This is a "Sutton Triped". A clever frame builder has turned a Dursley Pedersen replica into a totally unique, upright, tadpole trike. Ackerman steering and hub brakes.

Image borrowed from the Dursley Pedersen website "Sutton" replica chapter (with permission)

http://www.dursley-pedersen.net/replicas/sutton_triped.html

As mentioned earlier I once owned an original Dursley Pedersen and used it for commuting more than 30 miles each day. The "Triped" must be a lot of fun given the relative lack of freedom for the rider to shift his weight about on this rather tall machine. Nevertheless, the whole machine is beautifully conceived and manufactured. Well in keeping with the original Pedersen concept.

And now perhaps the ultimate in tadpole trikes. We caught up with this streamliner on a main road between two Danish cities. The owner was lying back in perfect comfort, pedalling effortlessly at a steady 30mph. (50kph) A glance across as we passed as slowly as we dared showed the machine had a rear electric hub. The number plate suggests that the machine is registered as an electrically driven motorcycle. Un-plated mopeds in Denmark are limited to 35kph. (22mph) Though there is a market for tuning parts which can lift speeds to 50mph (80kph) or more. My attempts to capture front and side views of this faired trike were thwarted by the "weeks long" shutter delay of my Canon Ixus camera!

And now a view of the car-less (careless?) society. We saw this streamliner going the other way in the centre of Odense near the hospital. A quick U-turn at the lights and we chased after him. Despite getting stuck at three more lots of traffic lights we finally caught up with him. He was being impeded by other cyclists who seemed totally unaware of his existence on the cycle path.That is the one serious disadvantage of a trike on the often-limited cycle path width designed for solo bikes.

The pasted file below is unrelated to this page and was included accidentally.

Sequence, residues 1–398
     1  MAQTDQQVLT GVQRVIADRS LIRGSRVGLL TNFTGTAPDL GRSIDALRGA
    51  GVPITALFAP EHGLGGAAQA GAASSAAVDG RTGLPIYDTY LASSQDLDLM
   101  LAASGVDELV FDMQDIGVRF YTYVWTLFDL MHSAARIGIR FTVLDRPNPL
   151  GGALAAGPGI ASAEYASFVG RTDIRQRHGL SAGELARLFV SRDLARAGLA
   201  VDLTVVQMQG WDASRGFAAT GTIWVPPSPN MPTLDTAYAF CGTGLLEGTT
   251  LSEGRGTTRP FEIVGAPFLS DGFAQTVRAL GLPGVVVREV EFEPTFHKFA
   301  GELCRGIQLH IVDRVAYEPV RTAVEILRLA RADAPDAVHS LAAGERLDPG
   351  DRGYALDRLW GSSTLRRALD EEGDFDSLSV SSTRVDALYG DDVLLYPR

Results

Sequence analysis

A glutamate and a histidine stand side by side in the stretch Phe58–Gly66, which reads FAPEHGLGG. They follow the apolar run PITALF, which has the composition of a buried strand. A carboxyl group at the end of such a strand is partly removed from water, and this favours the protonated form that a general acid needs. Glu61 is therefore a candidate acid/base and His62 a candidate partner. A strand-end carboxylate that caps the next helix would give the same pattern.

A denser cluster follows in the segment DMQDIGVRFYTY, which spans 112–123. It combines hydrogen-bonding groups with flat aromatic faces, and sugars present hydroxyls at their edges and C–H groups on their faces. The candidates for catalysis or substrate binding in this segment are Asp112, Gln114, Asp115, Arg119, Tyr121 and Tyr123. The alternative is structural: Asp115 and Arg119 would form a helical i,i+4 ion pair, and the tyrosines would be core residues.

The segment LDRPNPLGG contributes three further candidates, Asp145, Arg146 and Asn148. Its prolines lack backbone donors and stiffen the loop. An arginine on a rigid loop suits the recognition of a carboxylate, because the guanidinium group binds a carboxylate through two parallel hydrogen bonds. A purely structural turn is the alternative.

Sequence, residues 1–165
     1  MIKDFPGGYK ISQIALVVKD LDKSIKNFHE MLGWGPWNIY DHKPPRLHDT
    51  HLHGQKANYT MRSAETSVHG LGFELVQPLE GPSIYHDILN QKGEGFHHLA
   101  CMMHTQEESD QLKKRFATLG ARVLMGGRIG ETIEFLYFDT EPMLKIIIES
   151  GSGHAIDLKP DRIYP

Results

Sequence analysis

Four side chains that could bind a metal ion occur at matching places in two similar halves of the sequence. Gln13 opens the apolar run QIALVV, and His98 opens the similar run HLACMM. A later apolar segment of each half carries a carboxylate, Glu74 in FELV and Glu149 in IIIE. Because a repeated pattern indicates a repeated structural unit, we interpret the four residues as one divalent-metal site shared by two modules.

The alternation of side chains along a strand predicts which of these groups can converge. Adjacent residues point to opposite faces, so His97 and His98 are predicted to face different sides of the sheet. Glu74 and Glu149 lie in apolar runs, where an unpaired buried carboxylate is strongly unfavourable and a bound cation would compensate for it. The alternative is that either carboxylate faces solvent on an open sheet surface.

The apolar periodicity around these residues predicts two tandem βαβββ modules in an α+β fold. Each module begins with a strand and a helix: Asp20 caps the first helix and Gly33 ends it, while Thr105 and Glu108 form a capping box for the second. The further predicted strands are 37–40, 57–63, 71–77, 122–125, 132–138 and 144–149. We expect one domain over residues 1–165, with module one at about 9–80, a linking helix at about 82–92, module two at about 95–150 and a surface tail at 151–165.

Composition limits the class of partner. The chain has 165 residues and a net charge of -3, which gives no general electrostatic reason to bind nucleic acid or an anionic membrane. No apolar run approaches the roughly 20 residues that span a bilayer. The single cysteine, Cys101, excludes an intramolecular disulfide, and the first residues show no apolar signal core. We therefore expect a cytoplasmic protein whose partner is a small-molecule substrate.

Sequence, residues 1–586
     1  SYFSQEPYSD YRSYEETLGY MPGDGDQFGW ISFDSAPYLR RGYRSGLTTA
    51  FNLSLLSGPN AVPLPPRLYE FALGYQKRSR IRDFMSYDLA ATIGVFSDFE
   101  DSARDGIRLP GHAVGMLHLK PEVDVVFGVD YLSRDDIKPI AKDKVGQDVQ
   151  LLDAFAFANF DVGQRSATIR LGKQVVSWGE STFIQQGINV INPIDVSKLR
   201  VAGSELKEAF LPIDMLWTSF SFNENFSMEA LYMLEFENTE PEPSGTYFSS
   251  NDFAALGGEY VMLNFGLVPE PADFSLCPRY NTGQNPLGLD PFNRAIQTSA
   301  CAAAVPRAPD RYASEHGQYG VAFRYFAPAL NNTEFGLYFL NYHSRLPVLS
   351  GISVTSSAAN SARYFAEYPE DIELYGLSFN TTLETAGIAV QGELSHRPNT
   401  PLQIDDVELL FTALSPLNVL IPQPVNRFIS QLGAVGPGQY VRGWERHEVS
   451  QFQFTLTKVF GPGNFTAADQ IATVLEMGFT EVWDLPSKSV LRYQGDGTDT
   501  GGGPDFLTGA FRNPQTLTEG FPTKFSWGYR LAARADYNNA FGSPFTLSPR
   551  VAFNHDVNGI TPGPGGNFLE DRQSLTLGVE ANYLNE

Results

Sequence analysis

The picture is taken at a very large junction with up to 6 traffic lanes, in each direction, crossing at right angles. The illusion of the lack of cars in this image is sheer luck. There were probably at least 50 cars waiting to get away. The small green traffic light is for cyclists (and pedestrians) only. They get a short period to cross before the motorised traffic is unleashed. The pedestrians at many junctions have right of way in Denmark and saunter across as if they had all the time in the world. I believe this is a case of conditioning as very small children. Where they must hold fast to their professional minder's pushchairs on their daily walks. If the Danes were to move en-masse to the UK it would be genocide. They wouldn't survive their first day crossing the road! Nor would Danish cyclists last five minutes taking their legal right of way at many junctions! 

BTW: My wife reported that the occupant of the streamliner was grinning from ear to ear. He made a sharp right turn onto a cycle path into the hospital grounds so may have been employed there. We cruised the vast hospital complex hoping for more photographs but by then he had vanished. My wife christened the machine "the banana" and made derogatory comments about the occupant probably being from the psychiatric department! This may have had something to do with the broad grin and the sight of rapidly reciprocating heels beneath the brightly coloured fairing. It may be that Danish law requires the occupant of this sophisticated machine to stick to the bicycle lane (when provided) regardless of his potential cruising speed. While the black machine above is registered as a road-going vehicle and thus has the relative freedom of the roads but may not even use the bicycle paths!

These faired trikes all remind me, all too much, of my attempts to build a downhill streamlined skatecar in my youth. I came up with a "brilliant" design for a rolled aluminium shell consisting of a sandwich of two thin skins of recycled, aluminium, printing sheets with glued wooden stringers. It was my pride and joy until I discovered I could not move my centre of gravity enough in the cramped cockpit to steer the damned thing! It even had rubber ball (in compression) suspension (a là Moulton) very wide trucks and 4" pink polyurethane wheels. I still have the bits in a box somewhere in the bike shed. The streamliner shell slowly disintegrated in the garden as overnight interest in the American skateboard craze waned just as rapidly. I was even making my own laminated, cutaway, birch ply, skateboard decks for a while but was in completely the wrong generation to succeed.

Let us hope that these pedal streamliners are just the beginning of something really exciting. Rather than a short-lived craze.